10. The question therefore arises, did he intend to confer only a life estate or a daughter's estate? It seems to us that he meant to give a daughter's estate rather than a life estate. He omits the words 'during her life' with reference to the disposition in favour of the daughter. The words 'pass to my daughter' would rather indicate that in the ordinary course of devolution the estate should pass to her, that is, the daughter and then to the grandsons. The words used in favour of the grandsons seem to indicate that the estate conferred on the daughter was not a life estate because there is no direct gift in favour of the grandsons, but on the other hand, what he says is that through his daughter the estate shall pass to his grandsons. Either he must have intended that the daughters should convey the property either by will or inter vivos to the grandsons or she having taken the estate, through her it should pass to the grandsons in the ordinary course of devolution. If it was the daughter's estate that was intended to be conferred, there can be no question that the estate taken by the grandsons is not a vested interest. No doubt there have been expressions of view that it is possible to have a vested remainder after a limited estate of a Hindu widow or a daughter. Vide Ratna Chetti v. Narayanaswami Chettiar : (1914)26MLJ616 But it seems to us that it is not possible to have a vested remainder after conferring a limited estate analogous to that of a woman's estate under the Hindu Law. The holder of such an estate whether she be a widow or a daughter would fully represent the inheritance There is nothing to vest in anybody else. The observations of the Privy Council in Mussammat Bhagbutti Dabee v. Chowdry Bholanath Thakoor seem to be almost decisive of the matter. The question pointedly arose in that case whether an estate taken by a wife under the will of her husband was a life estate or a Hindu widow's estate under the law and the gift over in favour of the adopted son was a vested or a contingent remainder. Their Lordships pointed out that if it was a life estate, the adopted son would take a vested remainder; if it was an estate of a Hindu widow, the estate taken by the adopted son would be a contingent remainder. In that case their Lordships held that the estate taken by the widow was a life estate and that taken by the adopted son was a vested remainder. If it is assumed in this case that there is a direct gift in favour of the grandsons, the estate taken by them would be a contingent remainder. But there is no direct gift in their favour and whether the estate taken by the daughter was viewed as a mere daughter's estate and the words used in favour of the grandsons were intended to connote a power vested in the daughter to convey the property or the words meant that the property should be taken by the grandsons in the ordinary course of devolution is immaterial. But it was not the intention of the testator that the daughter should take an absolute estate but only the limited estate of a daughter.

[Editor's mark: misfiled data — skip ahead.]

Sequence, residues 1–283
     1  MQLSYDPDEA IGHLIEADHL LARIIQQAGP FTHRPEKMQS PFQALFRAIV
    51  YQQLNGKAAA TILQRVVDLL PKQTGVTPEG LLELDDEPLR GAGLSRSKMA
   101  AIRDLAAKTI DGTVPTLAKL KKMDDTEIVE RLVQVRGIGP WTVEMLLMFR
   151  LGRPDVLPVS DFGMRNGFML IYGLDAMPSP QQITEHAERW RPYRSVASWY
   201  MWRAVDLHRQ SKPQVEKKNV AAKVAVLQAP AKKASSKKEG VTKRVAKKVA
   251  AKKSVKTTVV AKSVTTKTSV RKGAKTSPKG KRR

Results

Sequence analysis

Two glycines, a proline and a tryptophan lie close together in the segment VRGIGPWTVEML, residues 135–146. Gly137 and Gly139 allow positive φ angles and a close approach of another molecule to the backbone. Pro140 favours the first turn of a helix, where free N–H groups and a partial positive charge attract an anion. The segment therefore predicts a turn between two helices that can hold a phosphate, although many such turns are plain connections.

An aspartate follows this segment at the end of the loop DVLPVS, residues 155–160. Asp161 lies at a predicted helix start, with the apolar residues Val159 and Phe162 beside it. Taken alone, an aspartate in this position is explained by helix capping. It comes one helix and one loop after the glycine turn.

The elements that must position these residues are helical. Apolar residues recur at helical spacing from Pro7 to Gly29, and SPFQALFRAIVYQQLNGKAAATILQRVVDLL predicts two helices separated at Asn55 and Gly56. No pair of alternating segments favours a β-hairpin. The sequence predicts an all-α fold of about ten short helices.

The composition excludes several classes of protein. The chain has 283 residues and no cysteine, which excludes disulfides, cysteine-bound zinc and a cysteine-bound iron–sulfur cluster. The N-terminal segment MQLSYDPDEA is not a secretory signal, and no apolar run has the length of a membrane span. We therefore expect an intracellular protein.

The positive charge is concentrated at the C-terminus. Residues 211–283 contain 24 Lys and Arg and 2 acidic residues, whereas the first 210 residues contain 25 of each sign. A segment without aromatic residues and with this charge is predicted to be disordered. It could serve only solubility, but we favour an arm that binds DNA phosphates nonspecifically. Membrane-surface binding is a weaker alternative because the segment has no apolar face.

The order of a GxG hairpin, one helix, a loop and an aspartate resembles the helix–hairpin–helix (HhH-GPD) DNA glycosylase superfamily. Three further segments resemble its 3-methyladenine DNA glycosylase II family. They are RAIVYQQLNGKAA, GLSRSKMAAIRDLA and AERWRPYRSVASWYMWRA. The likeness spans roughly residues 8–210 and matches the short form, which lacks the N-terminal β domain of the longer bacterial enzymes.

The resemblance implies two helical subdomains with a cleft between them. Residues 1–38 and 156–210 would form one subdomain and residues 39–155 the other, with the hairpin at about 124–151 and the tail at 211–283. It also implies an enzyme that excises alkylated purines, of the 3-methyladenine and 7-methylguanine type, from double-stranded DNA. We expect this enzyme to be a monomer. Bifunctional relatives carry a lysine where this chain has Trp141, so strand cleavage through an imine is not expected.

11. In the view which we have taken that the daughter took a daughter's estate, there can be no vested remainder which is liable to be attached by the first defendant. But in so far as the plaintiff sued for a declaration that she has got an absolute estate in the suit properties, her suit fails and has to be dismissed. We direct each party to bear his own costs both here and in the Court below.